Harry Styles‘ debut solo tour was ambitious: nearly 90 shows across 10 months in support of an unconventional solo debut album that channeled the sounds of the early 1970s more than anything he’d done as a member of One Direction. If Styles had made a 2018 version of “Futuresex/LoveSounds,” it’s safe to suggest that Drake might not have broken all those streaming records last week. But instead the 24-year-old Brit made an album that few if any could have predicted: “a bold and brave statement of intent that completely reinvents him as an artist — and leaves a wide-open road for whatever he might want to do next,” as Variety said in its May 2017 review.
But as much as the album was a curve to his audience, a huge number of them followed him every step of the way, as evidenced by the tinnitus-inducing shrieks at those 90-odd shows and the nearly 1 million tickets that were sold for them (final numbers will be available in the next few weeks). By design, the tour gained momentum as it progressed from smaller rooms to theaters to arenas, the songs and Styles’ megawatt stage presence growing bigger along with the venues; thanks were also due in no small part to a wildly diverse set of support acts including R&B singer Leon Bridges, female-led alt-rock acts Muna and Warpaint, and a rousing closing round from pop-country powerhouse Kacey Musgraves.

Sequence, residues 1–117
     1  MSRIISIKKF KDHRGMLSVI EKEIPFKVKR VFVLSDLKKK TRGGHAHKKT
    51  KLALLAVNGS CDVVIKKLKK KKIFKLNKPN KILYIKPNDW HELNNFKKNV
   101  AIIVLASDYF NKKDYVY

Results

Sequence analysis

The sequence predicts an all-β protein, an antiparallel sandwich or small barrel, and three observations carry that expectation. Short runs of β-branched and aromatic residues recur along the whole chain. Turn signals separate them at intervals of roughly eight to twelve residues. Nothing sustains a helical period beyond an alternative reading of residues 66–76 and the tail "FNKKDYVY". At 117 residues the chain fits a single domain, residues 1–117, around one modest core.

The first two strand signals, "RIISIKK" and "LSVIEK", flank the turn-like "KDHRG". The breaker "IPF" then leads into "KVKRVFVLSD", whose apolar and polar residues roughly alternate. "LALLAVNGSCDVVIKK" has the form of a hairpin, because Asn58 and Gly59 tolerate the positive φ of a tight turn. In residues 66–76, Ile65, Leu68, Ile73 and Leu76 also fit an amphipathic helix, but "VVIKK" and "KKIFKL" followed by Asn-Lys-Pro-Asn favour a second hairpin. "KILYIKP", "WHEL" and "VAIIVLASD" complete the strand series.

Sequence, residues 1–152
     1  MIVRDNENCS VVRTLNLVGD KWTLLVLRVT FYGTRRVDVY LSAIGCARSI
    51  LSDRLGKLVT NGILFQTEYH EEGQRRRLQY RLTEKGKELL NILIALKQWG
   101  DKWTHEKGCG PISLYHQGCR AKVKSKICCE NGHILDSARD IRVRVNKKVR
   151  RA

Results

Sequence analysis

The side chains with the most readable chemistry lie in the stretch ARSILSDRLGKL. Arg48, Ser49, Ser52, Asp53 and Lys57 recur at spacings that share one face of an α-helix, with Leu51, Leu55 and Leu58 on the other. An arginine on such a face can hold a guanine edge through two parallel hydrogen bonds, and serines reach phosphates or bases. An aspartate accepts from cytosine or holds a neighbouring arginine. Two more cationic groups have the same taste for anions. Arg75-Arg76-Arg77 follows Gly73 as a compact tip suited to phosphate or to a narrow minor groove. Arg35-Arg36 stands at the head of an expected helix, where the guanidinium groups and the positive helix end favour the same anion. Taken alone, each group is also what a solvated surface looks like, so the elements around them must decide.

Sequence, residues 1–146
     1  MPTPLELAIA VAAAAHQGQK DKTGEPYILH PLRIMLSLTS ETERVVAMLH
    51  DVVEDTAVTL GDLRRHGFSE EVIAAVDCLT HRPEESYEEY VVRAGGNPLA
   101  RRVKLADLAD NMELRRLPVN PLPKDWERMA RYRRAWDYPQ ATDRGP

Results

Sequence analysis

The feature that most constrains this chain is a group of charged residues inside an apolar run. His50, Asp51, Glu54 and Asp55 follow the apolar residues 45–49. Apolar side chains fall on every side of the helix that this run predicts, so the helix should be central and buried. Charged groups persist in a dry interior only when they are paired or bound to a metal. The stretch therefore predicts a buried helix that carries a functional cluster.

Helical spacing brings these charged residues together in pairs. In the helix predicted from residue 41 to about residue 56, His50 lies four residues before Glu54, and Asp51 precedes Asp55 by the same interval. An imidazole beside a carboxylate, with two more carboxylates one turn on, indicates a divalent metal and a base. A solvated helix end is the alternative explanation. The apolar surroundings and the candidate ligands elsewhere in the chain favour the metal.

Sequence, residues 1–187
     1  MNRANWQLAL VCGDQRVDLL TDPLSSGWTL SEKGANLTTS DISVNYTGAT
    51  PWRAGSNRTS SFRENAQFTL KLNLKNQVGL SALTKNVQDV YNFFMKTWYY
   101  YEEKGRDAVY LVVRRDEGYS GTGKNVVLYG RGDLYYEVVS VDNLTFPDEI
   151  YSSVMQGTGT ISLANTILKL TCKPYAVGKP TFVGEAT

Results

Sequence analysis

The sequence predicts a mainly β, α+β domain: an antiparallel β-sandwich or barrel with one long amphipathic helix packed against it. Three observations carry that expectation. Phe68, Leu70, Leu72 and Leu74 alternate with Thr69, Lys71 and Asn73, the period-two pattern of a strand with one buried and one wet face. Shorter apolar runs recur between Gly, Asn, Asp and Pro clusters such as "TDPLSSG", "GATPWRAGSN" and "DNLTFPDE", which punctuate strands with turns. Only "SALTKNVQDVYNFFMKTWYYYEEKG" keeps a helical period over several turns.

Initial numbers from the tour — which wrapped last weekend with two dates at the Forum in Inglewood, Calif. — evidence an impressive run. (All were provided to Variety by Full Stop Management and Live Nation.)
*89 sold-out shows
*Just under 1 million tickets sold
*First arena tour to sell out through Ticketmaster’s new Verified Fan program, with the first leg selling out in 29 seconds
*The second of the two final shows at the Forum in Inglewood, Calif., tallied more than 17,000 paid tickets and beat the record for most paid tickets for a single show since the venue reopened in 2014
*Merchandise records set in over 50 venues in North and South America, Australia and Europe
The tour’s charitable impact, for which Styles partnered with the nonprofit Reverb:
*Raised $1.2 million in charity donations (ticket contributions, Live Nation contributions and matching payments, local matches and the GLSEN PRIDE campaign) across 62 charities around the world (click here for a complete list)
*Registered hundreds of new voters via Headcount
*Made a major effort for water conservation that:
-saved the equivalent of 10,000 single-use water bottles by fans and 3,200 by the band and crew
-recycled more than 6,500 gallons of water from buses, offices, dressing rooms and other backstage areas
-led to more than 5,000 direct connections between fans and the local charities
And in just one example of the tour’s theme of inclusiveness and “treating people with kindness,” fans united to create a giant rainbow flag at the London show.
Next? “I’m off to write some more music and I hope I’ll be seeing you again very soon,” Styles said in his sendoff message.
Source: Read Full Article